10 Steps To Shingle Roofing

Building Roofing is a detailed process. There are 10 common steps to shingling a roof

  1. Tear off the old roof. If you’re putting a new roof on an existing structure, it’s impossible to properly install the new system without removing the old completely. One of the most tedious components of tearing off an old roof is making sure all the old shingles are removed, or pounded flat into the remaining structure. Leaving nails sticking out will tear holes in the new shingles, so it’s vital not to cut corners on this step.
  2. Install the drip edge. While this isn’t usually required, a drip edge gives a nice finished look, prevents shingles from curing and keeps water from running down your fascia boards. This must be fastened to the eaves before the underlayment is installed, and must be nailed every couple feet to keep it secure.
  3. Roll out the underlayment. Underlayment is important because it can prevent ice dams and strong winds from allowing water into the house. This material self-sticks, so the backing is peeled off and the underlayment is applied as flat and straight as possible to the deck. Depending on the temperature (warmer is better) it might stick on its own or require a few nails to keep it in place.
  4. Cover the roof with Synthetic underlayment or felt paper. This also helps remove the water that gets under the shingles and increases the roof’s fire rating. This is rolled out in short sections and staples are used to secure it to the deck. Each paper needs to overlap the one before to provide adequate coverage.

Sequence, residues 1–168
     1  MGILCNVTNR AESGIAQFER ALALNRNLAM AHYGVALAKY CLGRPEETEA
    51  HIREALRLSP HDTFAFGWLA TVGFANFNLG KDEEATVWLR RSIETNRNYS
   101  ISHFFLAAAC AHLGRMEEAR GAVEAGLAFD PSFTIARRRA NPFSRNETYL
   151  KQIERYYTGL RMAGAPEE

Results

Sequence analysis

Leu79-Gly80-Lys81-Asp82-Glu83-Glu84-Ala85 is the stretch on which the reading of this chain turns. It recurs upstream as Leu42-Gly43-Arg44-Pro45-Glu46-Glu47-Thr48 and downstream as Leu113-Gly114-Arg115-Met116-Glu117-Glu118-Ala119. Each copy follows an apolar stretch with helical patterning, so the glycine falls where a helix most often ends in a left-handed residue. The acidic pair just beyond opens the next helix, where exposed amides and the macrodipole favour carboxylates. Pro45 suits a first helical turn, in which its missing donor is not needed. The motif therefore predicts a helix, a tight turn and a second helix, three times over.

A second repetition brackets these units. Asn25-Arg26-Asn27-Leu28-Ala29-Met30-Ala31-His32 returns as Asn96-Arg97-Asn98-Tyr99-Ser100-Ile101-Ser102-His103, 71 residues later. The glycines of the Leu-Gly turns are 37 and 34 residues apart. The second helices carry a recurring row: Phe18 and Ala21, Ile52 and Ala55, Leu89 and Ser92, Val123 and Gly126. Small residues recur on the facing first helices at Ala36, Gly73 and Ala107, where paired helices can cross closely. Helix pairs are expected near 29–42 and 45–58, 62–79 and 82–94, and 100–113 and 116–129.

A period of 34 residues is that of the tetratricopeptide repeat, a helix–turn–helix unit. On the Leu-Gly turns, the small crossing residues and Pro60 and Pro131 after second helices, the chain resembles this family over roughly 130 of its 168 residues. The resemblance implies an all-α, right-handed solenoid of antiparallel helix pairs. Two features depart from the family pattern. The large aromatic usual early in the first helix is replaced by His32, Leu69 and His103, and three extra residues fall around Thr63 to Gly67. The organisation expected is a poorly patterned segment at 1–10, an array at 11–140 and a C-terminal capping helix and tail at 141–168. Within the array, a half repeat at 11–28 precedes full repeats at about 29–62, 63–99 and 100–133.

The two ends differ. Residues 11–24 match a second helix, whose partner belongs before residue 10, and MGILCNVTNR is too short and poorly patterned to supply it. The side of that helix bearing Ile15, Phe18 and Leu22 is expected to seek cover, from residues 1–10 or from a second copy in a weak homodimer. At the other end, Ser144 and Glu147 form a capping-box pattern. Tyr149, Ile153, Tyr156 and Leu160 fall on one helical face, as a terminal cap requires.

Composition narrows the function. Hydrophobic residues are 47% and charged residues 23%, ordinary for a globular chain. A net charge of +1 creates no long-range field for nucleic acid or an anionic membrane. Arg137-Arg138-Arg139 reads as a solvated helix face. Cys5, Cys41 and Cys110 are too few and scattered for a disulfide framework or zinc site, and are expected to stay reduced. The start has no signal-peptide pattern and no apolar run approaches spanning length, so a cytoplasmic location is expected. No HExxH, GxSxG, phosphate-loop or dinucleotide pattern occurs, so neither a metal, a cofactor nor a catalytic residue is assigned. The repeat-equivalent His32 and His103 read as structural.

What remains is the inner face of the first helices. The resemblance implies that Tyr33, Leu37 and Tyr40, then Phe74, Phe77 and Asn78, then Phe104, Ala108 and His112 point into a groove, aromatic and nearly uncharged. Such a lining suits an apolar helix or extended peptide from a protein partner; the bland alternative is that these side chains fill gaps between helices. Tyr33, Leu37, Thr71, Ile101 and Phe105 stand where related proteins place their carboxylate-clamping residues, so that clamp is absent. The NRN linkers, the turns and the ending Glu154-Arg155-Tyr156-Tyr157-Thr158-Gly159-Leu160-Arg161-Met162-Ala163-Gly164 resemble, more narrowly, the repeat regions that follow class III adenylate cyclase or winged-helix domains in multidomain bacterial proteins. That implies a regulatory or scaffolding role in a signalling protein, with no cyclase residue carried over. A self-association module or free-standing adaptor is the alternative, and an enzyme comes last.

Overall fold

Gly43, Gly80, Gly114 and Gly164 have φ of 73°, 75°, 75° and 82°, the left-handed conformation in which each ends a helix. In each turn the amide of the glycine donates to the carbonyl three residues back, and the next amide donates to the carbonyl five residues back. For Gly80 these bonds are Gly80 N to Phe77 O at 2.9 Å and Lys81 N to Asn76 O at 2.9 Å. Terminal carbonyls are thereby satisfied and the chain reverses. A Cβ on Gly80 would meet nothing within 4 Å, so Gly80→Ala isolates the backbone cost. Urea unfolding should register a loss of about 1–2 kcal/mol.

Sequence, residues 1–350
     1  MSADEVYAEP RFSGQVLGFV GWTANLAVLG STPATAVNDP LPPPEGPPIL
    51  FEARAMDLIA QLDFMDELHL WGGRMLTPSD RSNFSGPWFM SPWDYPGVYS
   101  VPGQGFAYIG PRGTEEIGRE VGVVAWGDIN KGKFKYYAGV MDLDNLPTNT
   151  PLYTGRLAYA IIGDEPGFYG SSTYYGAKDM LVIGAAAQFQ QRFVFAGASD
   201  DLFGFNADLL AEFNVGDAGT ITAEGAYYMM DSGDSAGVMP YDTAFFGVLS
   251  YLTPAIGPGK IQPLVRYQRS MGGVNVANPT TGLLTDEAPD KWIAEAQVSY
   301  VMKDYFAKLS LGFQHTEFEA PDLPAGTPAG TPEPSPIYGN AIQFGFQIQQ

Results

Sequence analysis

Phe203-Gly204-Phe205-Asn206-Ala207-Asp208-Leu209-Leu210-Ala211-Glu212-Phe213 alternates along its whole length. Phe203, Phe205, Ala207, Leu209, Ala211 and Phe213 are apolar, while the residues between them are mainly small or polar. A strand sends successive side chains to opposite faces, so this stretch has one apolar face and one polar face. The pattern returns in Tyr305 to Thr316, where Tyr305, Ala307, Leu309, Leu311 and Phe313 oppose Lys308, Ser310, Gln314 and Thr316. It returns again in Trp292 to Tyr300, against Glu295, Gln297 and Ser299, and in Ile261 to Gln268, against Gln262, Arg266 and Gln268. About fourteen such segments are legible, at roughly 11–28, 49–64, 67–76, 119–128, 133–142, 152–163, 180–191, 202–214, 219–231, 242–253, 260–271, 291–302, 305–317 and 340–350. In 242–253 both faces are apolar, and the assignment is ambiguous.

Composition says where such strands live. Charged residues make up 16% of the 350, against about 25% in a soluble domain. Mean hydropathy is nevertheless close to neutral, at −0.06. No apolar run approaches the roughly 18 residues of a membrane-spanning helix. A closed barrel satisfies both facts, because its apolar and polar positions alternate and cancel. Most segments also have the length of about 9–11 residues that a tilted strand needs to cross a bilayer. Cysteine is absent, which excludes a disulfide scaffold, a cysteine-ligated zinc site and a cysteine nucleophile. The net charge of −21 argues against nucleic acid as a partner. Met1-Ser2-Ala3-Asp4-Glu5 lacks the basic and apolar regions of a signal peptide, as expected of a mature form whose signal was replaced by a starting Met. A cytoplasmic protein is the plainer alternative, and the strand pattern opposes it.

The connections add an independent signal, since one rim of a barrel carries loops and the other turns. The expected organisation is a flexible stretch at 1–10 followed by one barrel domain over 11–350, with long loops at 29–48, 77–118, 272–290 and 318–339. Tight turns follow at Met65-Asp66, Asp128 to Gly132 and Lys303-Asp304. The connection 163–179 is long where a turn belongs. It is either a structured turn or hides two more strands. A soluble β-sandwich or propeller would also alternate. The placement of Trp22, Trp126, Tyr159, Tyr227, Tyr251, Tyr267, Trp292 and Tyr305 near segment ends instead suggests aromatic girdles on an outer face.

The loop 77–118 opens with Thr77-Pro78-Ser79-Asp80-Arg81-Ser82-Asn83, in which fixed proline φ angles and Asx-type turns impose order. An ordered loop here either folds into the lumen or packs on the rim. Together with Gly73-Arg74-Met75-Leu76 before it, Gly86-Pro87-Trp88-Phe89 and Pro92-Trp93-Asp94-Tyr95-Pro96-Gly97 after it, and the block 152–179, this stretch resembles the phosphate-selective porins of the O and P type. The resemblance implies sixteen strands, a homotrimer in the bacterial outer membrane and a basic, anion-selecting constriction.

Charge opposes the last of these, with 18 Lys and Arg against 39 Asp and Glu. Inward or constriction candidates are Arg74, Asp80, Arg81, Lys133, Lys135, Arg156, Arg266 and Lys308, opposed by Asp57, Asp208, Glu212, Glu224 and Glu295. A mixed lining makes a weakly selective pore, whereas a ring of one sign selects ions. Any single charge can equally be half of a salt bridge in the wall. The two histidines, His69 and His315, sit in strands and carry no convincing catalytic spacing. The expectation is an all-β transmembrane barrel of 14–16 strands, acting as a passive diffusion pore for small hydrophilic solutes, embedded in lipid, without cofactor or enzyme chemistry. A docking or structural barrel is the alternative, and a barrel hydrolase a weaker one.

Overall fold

5. Waterproof the valleys. Roof valleys direct water away from the structure, so they need extra protection. Underlayment and felt paper are installed much the same way as above, but with different methods that allow for the specific structure of the valley coverage.
  6. Apply starter shingles. This is a critical first step in shingle coverage. Shingles are meant to overlap each other, but starter shingles are specifically designed to be the first row of flat, and they are only ½ as wide as regular shingles. This creates a barrier that keeps water from running in between the seams of the first shingles and creating a leak.
  7. Install the shingles. This process is tedious, but it’s probably the simplest part of roofing a house. Shingles are applied in an overlapping pattern and secured with a nail gun.
  8. Install the flashing. Like waterproofing the valleys, this is an extra step that needs to be completed to get a tight seal around chimneys, windows, and any structures that touch the roof.
  9. Cap the ridge. These are the top shingles at the very peak of your roof. Often, we use special shingles specifically designed for this purpose. Securing these shingles often requires longer nails due to having to go through multiple layers of shingles.
  10. Seal it up. Sweep any debris off the roof and seal all the exposed nails. We don’t recommend silicone sealers, as they don’t hold up, or asphalt-based sealants that dry out in the sun. We use a specialized hybrid that lasts for years.


Total Cost: $